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What Is "Actually Existing Socialism"?

When I ask students to define "democracy," they usually just say it's "good government" or list governments they like. When I ask conservatives to define "socialism," they often say it's just bad government or list governments they dislike. I was worried that the paper "Best Cases of 'Actually Existing Socialism'" in this issue might be perceived as falling into the latter category, meaning skeptical readers could dismiss Ryan H. Murphy's very useful piece with semantic judo.

The reason I was worried is that the definitions Murphy gives of the term socialism are manifold and confusing. It could describe countries where ownership of the means of production is collective or where management of the economy, including setting of prices and directing of investment, is institutionally democratic. But he rightly claims that nations require considerable state "capacity," or actual ability to direct resource use, to qualify as "socialist" in any realistic sense.

Murphy then chooses a sample, or rather three cases, of a hybrid category of his own devising: states that exhibit high "economic modernity" combined with low economic freedom. As he puts it,
   Which countries have historically had low economic freedom while
   also being governed by states with high state economic modernity?
   Although this question is not precisely the one posed by modern
   advocates of socialism, it does ultimately split the difference
   between the modern, high-quality social democratic states (e.g.,
   Denmark) and "actually existing socialism" in practice, without
   invoking the need for the presence of empirically nonexistent
   political institutions for a country to count as socialist.

      When this exercise is performed and applied to the year 1985,
   three countries can be identified as simultaneously embodying
   strong, effective modern states and socialist economic
   institutions: China, Hungary, and Israel, (emphasis added)

The problem is that it is precisely the absence of the "empirically nonexistent political institutions" that disqualify these nations as socialist, as that term is used by advocates. Murphy's proposed test of what happens to "actually existing socialist" nations would be rejected by any actually existing socialist because his examples all suffered bourgeois counterrevolutions in which power was substantially, though not always completely, restored to the hands of private capital owners.

One might, depending on which side one is on, celebrate or lament this transition. But the fact of reversion to capitalism is what Murphy finds. The "empirically nonexistent political institutions" were precisely die parties of labor and the means of democratic mass mobilization that might have prevented these bourgeois retrenchments.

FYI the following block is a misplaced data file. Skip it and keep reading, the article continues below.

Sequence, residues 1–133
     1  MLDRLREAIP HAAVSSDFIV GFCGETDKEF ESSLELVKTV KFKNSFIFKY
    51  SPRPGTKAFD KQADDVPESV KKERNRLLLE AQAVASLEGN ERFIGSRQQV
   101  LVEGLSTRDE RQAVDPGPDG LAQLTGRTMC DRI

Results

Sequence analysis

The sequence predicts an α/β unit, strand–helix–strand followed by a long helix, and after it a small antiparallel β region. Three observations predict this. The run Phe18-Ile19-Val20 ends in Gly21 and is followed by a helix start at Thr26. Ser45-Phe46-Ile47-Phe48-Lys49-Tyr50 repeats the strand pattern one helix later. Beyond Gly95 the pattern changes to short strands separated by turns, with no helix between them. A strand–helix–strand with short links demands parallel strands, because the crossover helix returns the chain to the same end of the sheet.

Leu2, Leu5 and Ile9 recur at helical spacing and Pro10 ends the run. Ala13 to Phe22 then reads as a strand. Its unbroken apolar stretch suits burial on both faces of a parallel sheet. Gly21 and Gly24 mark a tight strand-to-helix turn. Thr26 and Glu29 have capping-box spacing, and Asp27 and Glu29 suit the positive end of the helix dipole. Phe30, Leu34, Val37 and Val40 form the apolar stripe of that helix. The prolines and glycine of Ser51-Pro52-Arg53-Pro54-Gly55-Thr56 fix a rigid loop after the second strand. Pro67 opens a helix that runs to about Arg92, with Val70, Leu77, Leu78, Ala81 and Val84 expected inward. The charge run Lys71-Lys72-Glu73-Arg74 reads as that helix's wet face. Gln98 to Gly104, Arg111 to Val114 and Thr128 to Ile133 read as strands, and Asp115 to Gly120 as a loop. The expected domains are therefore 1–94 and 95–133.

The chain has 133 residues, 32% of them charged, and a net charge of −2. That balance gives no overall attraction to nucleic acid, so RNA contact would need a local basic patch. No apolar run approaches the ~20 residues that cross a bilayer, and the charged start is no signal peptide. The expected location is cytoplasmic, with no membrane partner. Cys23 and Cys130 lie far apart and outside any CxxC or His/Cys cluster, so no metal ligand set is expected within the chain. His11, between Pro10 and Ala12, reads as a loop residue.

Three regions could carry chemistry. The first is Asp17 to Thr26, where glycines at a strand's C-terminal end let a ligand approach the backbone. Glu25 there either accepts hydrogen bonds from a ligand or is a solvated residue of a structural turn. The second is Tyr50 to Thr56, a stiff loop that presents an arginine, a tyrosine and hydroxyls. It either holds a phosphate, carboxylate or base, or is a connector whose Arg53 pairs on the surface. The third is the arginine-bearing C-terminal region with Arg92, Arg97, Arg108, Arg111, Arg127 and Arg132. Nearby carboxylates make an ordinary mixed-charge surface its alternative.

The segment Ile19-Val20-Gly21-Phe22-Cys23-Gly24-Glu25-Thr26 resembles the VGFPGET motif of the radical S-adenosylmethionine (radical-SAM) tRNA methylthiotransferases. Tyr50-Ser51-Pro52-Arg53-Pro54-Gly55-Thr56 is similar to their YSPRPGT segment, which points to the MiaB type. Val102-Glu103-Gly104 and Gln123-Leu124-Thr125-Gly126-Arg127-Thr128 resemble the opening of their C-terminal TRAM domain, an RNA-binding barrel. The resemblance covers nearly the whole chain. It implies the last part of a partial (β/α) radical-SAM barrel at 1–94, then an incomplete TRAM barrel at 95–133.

Much of Murphy's analysis, in terms of both the selection of cases and the conclusions, rests on the rather mysterious State Economic Modernity (SEM) Index. We are told: "The SEM Index is constructed by taking the legal-system and property-rights ratings in the EFW [Economic Freedom of the World] Index and subtracting the (limited) size-of-government variable. Though counterintuitive, this approach means in practice that countries with large states and effective provision of law receive high scores, whereas countries with neither receive low scores" (emphasis in the original). Well. A proxy for state capacity that subtracts the size of the state? "Counterintuitive" understates the degree of legerdemain at work here, I would think. As a committed Northian myself, I would defend the value of the SEM Index and commend Murphy's creation of it. It cleverly and concisely captures something like "social capacity," or a society's ability to be guided by rules without direct coercive force. But I am not sure that it is suitable for the purpose used here, which, after all, is the identification of the actually existing socialist nations.

Further, including China along with Israel and Hungary in the set of "best cases" of "actually existing socialism" seems odd. Following the Great Proletarian Cultural Revolution (1966-76), China intentionally destroyed much of its state capacity and rule of law. It is easy to overestimate China's economic success in the decades that followed because the small denominator of gross domestic product per capita growth rates leaves so much upside. One might object that the small size of Chinese "economic modernity" is likewise masked by the fact that the state was also cut back so dramatically by Mao's personal politically motivated purges.

Speaking for the editors of The Independent Review, then, I should explain that the reason why we published Murphy's paper is that we think he has captured something interesting and, frankly, important about the path of three nations: China, Hungary, and Israel. Those cases were not randomly selected by Murphy but are in fact the nations that have had low economic freedom and (by his measure) relatively high "state economic modernity." Economic modernity, though a deceptively simple measure, may contain deep insights into the potential for a nation to take a market-oriented turn in its development path. But we are not so sure that Murphy's decision to call such nations cases of "actually existing socialism" in action is defensible. Having raised the question, and invited Murphy's reply, we leave it to our readers to decide.

Michael C. Munger is director of the Philosophy, Politics, and Economics Program and professor in the Departments of Political Science and Economics at Duke University.
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Author:Munger, Michael C.
Publication:Independent Review
Date:Sep 22, 2018
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